Creating 360 experiences to share is incredible.
In the beginning of 2016, YouTuber Casey Neistat partnered with Samsung to show off the upcoming Gear 360 camera and what it could do. This is what made me want a Gear VR in the first place. I could not wait to have the ability to be able to take 360 photos and videos to share experiences with others! After a few months of delays, I was able to get one of the first ones from Samsung at Vidcon last June. I learned a lot about creating content in 360 and have had a lot of fun experimenting with both photos and videos because I could view them moments after capturing them. Recently I have been able to share a concert with someone that couldn’t go and shown the view from the Empire State Building to someone who has never to been to New York.
The Gear 360 camera has given me the power to take an experience and share it without needing a computer and special software. Moments after capturing a photo or a short video clip I can watch it in VR or post it to Facebook for others to see. Now as much as I love using the Gear 360 it does have its quirks as a first-gen camera but it gets easier to use once you get the hang of it. 360 photos are definitely its strong point as video can become a bit of chore if you want to edit multiple clips together. You also have to unlearn a lot of what you know about composition when taking a photo or video as you need to capture it in such a way because it puts the viewer’s eyes in the same position that you put the camera. It’s worth taking the time to practice with before using it to capture a birthday or special event. Trust me.
Some final thoughts on my year with Gear VR.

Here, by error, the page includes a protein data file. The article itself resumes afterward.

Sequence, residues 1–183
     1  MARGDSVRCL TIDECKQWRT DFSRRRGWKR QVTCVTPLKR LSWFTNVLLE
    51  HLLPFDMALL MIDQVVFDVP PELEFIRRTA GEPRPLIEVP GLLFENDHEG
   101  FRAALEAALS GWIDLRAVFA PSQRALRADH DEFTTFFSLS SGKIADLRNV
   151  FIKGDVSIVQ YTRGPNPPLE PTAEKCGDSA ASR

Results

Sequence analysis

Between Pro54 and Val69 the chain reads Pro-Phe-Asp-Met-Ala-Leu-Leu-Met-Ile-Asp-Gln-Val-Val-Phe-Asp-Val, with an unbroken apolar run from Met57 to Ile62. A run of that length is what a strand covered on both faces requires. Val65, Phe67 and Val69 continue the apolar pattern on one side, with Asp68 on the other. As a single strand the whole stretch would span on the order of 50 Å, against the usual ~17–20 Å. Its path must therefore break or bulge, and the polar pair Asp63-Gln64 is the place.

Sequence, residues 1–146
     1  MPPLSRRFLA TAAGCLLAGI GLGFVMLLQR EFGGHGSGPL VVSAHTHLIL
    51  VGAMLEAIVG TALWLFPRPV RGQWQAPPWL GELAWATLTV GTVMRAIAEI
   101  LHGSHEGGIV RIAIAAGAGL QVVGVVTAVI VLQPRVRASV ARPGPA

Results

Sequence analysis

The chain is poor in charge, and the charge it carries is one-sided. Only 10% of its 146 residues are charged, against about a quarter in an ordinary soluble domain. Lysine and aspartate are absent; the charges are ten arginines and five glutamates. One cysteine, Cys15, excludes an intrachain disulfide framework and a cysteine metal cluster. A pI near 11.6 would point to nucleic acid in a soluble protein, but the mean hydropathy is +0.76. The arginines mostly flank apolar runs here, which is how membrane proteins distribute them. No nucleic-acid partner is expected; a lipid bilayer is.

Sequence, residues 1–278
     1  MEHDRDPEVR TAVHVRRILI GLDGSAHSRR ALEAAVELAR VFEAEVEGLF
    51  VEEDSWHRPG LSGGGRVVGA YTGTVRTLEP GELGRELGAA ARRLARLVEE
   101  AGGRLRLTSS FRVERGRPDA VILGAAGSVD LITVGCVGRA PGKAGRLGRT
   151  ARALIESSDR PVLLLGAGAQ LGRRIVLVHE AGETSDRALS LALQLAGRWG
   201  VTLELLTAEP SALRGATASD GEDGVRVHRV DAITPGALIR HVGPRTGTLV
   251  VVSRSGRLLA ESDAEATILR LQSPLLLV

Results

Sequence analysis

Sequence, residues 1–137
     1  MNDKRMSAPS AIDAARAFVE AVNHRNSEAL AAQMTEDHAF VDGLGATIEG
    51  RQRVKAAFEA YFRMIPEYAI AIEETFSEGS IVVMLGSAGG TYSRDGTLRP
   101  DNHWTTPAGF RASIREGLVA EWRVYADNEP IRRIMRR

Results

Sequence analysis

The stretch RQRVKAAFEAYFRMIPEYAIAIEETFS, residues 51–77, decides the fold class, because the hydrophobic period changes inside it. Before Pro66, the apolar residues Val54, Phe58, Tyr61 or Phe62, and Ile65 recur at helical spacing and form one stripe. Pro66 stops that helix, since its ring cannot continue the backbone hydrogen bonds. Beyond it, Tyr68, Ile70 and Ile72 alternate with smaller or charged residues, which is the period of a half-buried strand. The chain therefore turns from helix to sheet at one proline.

I’ve enjoyed the mobile version of Oculus on Samsung’s Gear VR immensely this year and it has me excited for what is to come. I am hoping for a Gear VR version of Facebook and Instagram soon. This surprises me that there is not one already. Imagine being able to visualize your Instagram feed and choosing the photos you want to take a closer look at. Another feature that is missing is voice control. Let me say play, pause, etc to control my Netflix and let me speak commands to other apps. Let’s start with “Gear VR, reorient my view” for the occasional perspective drift. Each week Oculus is improving the Gear VR software and it’s getting better with each update. My biggest concern is will developers make apps that will keep people interested in mobile VR. Oculus’ Gear VR has had no real competition in the mobile VR space until now with the release of Google’s Daydream. Perhaps with another format we will see some improvements to the overall epxerience that will make the Gear VR system a little more user friendly (imagine your grandparents using it WITHOUT your help). This year has been a lot fun experimenting with Gear VR and with the promise of improvements with the upcoming Galaxy S8 it looks like 2017 is going to be even better!